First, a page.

Much of the Tribal Liaison’s coordination work is with the Advocacy Council for Tribal Transportation (ACTT). This is a tribal transportation policy and decision making group with representatives from all of the tribes and co-chaired by tribal members. According to Aitken, much of the State - Tribal consultation policy development and decision-making occurs in this forum. The tribe representatives are the only voting members. Non-voting ACTT participants include:
Practice While You Learn!
– FHWA-MN: Division Administrator
– BIA: Civil and Highway Engineers
– US Forestry: Transportation Planner
– Michigan TTAP: Assistant Director
– MnDOT: District Engineers
– Minnesota Counties: County Engineer, Cass County
– Minnesota Cities: Project Manager, City of Virginia
– Minnesota Indian Affairs Council: Executive Director
ACTT meets quarterly at rotating tribal reservation locations across the State. Its tribal transportation policy and program review, consultation and meeting activities may be accessed at: http://www.dot.state.mn.us/mntribes/advocacycouncil.html
TIP #6:Contact the State DOT in the State or the States where the tribe’s resources and properties are located.
How does the State conduct State-Tribal consultations? Who is responsible? What is the tribe’s role in the process? Keep this handy as it will assist your consultation work and activities!
Federal Laws and Regulations Governing Regional Tribal Consultation
The Federal laws and regulations, listed in the text box, require federally recognized tribal governments to be consulted in the development of regional transportation plans and programs. In an extension of this, tribes in southern California are working with the San Diego Association of Governments (SANDAG) to strengthen regional-tribal relations.
There are seventeen federally recognized tribes in San Diego County, the area served by SANDAG. The Southern California Tribal Chairmen’s Association (SCTCA) is the nonprofit corporation representing 19 federally recognized tribes in Southern California, including the 17 in San Diego County. The chairs of the 19 tribes sit on the SCTCA board.
Since 2004, SCTCA has directly consulted with SANDAG through a government-to-government framework. This framework parallels the relationship between tribes and the Federal government, but with modifications for the regional context. This framework responds to the Federal directive that consultation be both ‘timely’ and ‘ meaningful.’
In the regional context, the government-to-government framework between SANDAG and SCTCA includes several initiatives. As described below, these include periodic diplomatic summits at key milestones or decision points, representation on the SANDAG Board and Policy Committee to influence regional policy in a number of areas, a tribal advisory group that delves in depth into regional tribal issues, and counterpart staff between the two agencies who assist with communications between SANDAG and the tribes.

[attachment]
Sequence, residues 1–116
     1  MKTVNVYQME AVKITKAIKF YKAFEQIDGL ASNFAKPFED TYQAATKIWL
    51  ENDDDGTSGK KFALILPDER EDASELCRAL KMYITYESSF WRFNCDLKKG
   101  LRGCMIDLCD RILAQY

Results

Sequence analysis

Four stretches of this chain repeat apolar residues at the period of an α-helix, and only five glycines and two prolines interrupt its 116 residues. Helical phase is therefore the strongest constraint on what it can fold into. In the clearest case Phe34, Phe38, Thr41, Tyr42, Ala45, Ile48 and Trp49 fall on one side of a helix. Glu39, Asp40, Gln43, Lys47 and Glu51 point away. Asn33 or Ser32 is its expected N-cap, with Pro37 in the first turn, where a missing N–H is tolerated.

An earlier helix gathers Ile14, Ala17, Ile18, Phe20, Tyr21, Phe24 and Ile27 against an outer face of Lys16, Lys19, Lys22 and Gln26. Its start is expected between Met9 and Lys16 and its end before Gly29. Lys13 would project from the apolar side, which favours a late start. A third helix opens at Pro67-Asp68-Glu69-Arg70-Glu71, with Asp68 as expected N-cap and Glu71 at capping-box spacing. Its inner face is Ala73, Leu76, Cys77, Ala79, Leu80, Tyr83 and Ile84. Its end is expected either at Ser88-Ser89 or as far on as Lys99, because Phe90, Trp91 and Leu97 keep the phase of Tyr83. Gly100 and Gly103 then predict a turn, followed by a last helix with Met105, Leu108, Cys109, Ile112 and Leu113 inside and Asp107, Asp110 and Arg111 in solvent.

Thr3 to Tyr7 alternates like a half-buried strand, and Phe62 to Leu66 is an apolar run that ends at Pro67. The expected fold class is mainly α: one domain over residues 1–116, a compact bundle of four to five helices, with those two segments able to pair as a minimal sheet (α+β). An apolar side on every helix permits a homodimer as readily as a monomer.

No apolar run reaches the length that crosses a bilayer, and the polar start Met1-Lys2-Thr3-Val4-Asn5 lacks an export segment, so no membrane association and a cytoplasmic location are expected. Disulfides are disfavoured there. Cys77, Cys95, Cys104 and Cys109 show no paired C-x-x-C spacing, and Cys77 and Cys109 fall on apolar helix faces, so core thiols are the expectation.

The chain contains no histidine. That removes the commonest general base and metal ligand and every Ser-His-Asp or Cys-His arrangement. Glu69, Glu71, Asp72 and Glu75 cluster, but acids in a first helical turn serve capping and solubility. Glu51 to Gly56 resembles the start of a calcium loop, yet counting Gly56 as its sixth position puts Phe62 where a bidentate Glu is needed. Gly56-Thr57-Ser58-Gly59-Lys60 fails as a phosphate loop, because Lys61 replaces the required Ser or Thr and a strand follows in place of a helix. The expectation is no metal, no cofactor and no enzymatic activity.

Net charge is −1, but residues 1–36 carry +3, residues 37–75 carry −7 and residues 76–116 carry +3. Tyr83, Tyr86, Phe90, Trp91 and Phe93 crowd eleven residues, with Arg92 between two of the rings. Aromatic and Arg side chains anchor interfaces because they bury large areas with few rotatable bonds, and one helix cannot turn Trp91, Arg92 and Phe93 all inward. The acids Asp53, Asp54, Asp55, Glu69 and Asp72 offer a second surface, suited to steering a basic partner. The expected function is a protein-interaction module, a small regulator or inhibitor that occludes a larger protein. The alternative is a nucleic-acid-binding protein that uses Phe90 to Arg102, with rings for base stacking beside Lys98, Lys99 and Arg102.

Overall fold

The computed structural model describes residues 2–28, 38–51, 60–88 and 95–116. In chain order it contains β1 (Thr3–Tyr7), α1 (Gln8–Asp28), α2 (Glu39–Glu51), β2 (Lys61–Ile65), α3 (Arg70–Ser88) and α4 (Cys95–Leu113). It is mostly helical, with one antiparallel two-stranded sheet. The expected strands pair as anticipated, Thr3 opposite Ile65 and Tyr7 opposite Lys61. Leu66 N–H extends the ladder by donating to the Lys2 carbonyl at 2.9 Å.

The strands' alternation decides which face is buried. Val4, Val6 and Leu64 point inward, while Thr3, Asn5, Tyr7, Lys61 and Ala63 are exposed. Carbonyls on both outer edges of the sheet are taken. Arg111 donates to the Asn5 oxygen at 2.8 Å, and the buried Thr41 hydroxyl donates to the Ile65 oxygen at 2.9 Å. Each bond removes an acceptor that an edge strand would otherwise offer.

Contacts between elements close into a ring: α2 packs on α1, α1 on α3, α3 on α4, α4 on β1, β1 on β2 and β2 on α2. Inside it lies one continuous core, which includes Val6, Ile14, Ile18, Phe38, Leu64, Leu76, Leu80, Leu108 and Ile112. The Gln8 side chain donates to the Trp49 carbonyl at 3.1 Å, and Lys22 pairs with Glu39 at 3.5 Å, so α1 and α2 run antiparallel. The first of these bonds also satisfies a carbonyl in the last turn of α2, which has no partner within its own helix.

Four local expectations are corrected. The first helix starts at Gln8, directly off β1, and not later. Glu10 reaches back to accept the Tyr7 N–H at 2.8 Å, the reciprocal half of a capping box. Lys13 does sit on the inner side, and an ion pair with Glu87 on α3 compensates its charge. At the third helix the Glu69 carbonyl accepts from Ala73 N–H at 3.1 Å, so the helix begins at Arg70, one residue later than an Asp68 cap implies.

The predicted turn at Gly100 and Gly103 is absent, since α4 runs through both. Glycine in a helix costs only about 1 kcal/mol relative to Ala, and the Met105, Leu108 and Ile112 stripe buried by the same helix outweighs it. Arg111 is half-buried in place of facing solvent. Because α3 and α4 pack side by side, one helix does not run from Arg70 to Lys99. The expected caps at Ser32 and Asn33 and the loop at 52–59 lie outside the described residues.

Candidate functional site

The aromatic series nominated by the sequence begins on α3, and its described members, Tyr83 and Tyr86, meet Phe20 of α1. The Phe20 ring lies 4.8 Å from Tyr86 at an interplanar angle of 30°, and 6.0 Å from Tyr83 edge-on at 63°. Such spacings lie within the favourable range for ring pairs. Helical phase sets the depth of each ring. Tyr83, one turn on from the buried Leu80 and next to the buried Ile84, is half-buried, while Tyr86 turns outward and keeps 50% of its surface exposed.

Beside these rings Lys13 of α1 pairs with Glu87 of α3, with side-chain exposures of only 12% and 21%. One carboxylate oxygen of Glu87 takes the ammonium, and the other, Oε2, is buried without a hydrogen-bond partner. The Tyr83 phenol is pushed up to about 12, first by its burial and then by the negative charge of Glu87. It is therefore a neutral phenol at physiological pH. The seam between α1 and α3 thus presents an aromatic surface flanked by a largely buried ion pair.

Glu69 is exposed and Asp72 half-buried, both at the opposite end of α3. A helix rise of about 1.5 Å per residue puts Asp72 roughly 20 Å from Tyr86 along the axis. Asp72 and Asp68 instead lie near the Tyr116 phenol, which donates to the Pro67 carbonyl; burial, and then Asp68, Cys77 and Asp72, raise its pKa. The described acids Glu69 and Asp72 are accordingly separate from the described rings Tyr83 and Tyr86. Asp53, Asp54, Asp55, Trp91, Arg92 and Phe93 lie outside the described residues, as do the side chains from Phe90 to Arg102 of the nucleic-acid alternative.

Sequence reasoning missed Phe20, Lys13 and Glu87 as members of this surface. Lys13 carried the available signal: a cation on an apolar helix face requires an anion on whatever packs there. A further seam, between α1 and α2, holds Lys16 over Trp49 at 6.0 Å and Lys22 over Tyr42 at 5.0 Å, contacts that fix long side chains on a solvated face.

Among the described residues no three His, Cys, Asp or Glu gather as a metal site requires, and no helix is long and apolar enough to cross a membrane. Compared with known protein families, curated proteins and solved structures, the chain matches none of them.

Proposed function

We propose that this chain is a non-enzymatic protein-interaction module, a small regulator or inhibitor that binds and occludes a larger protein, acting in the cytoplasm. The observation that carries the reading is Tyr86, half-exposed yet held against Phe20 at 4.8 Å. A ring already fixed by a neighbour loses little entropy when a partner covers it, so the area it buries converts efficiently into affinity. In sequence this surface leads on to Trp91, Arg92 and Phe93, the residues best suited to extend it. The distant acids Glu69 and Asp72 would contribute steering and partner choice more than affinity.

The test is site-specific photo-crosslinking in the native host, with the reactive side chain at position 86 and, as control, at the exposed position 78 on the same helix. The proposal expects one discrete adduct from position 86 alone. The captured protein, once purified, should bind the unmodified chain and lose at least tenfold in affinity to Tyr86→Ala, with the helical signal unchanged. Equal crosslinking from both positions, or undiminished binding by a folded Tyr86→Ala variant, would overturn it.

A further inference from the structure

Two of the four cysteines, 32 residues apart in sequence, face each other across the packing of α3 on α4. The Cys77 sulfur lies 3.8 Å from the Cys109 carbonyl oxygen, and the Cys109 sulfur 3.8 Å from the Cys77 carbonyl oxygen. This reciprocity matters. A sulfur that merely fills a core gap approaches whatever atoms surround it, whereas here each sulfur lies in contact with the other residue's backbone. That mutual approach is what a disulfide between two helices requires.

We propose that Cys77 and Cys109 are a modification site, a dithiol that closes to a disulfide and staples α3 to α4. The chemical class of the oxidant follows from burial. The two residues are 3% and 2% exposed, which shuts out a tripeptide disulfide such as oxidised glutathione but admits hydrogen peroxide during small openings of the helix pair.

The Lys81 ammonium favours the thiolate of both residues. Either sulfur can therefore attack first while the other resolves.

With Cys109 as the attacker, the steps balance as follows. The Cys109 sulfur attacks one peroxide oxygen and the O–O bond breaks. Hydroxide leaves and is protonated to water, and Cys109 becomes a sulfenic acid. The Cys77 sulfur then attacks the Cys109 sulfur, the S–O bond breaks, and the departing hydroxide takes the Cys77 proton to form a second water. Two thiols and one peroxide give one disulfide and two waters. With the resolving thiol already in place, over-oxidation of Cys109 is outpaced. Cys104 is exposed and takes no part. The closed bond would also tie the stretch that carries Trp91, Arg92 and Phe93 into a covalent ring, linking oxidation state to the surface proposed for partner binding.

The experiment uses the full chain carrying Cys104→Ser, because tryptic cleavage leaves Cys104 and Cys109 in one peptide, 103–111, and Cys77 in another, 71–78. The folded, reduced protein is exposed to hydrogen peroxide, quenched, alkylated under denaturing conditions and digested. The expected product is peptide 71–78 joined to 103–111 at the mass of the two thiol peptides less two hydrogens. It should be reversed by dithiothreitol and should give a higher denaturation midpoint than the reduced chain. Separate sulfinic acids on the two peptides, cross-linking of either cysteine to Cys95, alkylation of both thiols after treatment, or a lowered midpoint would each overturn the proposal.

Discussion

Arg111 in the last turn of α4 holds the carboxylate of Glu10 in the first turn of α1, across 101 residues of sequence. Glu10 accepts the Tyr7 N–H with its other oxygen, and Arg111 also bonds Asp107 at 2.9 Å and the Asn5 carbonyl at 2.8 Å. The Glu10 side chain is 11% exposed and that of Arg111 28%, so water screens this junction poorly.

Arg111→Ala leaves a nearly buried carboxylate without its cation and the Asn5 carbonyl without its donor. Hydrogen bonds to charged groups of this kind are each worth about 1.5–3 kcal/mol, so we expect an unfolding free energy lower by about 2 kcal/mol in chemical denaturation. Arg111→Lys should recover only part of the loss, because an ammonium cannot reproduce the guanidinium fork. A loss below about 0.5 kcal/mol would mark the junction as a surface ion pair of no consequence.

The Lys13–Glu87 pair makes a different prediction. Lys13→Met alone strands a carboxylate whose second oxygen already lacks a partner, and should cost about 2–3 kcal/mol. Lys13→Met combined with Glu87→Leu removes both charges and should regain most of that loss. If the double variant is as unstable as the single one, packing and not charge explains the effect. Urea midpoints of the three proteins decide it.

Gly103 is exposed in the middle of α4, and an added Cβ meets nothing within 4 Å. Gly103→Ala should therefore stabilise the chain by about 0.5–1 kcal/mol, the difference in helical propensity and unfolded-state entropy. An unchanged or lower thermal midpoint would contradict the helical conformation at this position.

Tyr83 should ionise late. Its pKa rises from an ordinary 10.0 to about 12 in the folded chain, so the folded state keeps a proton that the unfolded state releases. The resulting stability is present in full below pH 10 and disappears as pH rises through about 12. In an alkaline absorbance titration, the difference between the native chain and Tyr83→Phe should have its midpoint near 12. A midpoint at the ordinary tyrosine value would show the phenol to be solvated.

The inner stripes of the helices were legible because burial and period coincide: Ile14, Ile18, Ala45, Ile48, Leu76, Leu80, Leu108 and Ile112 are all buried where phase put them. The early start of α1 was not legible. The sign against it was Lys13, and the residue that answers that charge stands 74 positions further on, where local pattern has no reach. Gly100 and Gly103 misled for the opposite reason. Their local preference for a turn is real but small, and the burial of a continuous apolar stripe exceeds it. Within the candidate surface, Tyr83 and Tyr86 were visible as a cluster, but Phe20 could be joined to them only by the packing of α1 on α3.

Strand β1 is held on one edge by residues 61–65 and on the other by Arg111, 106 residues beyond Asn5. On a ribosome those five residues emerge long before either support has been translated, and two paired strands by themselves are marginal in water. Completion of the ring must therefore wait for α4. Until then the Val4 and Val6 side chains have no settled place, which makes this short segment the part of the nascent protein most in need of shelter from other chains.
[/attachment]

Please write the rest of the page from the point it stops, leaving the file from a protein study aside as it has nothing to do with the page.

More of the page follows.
SANDAG and SCTCA periodically hold joint meetings of their boards to discuss policy issues of interest to both groups. The most recent Regional Tribal Summit was held in 2010 for tribal input into the 2050 Regional Transportation Plan (2050 RTP).
One of the priority actions identified in the summit was to include tribal transportation plans in the 2050 RTP. Six tribes agreed to share their plans. The 2050 RTP includes these plans as an appendix. In letters accompanying the tribal plans, several tribal chairpersons expressed pleasure at the opportunity “to highlight the importance of tribal transportation planning in the regional process.” Chairwoman Monique La Chappa of the Campo Band of Mission Indians stated “this is an opportunity for the rest of the region to understand our unique needs and to build a dialogue on how best to cooperate.” Chairperson Allen E. Lawson of the San Pasqual Band of Diegueno Mission Indians of California views the inclusion of the plans as “another step forward in including a tribal voice and tribal needs in the Regional Transportation Plan.”
In 2007, SCTCA joined the SANDAG Board as an advisory member. The SANDAG Board sets policies and approves the Regional Transportation Plan and other important regional initiatives. The SCTCA advisory seat on the board ensures tribal interests are considered in decision making and policy.
SCTCA is not a voting member of the SANDAG Board. To be able to join as voting members, State law would need to be changed to list tribes as eligible land use authorities of a MPO board. However, this change would raise tribal sovereignty concerns. If, for example, a tribal representative did vote, the tribe he or she represents would in theory be bound by the Board decision and pay dues to support SANDAG. The advisory seat recognizes that the tribes are diplomatic neighbors and not subject to California state law, but they do have a direct and abiding interest in how regional policies affect them. SANDAG has a similar relationship with Mexico.
SCTCA’s first engagement with SANDAG was through the Borders Committee in 2005. The Committee consults with governments that border the region, including the Mexican government, tribes and neighboring counties. Since joining the Borders Committee, SCTCA involvement has steadily increased. In addition to sitting on the Board as an advisory member, SCTCA now has advisory members on every SANDAG policy committee.
Timely and Meaningful Consultation
Like other regional, State and local government agencies, SANDAG sends formal notices to tribes to alert them of actions affecting them.These formal notices, however, are not the heart of SANDAG’s consultation process. The tribes and the region have sought to build a comprehensive government-to-government framework that respects their sovereignty while providing the opportunity to be involved in the regional decision making process in an ongoing manner rather than simply as part of discrete initiatives, therefore making their engagement more timely and meaningful.
TIP #7:Contact the Metropolitan Planning Organization in your area. How does it conduct Regional-Tribal consultation? Request copies of policies and procedures. Inquire on the role of the tribe. Keep this handy as it will inform your future consultation work!
TIP #8: When looking to build a relationship with another government, talk to people at the top of the organization. Talking to staff is good, but collaboration at higher levels in the organization makes the relationship really work.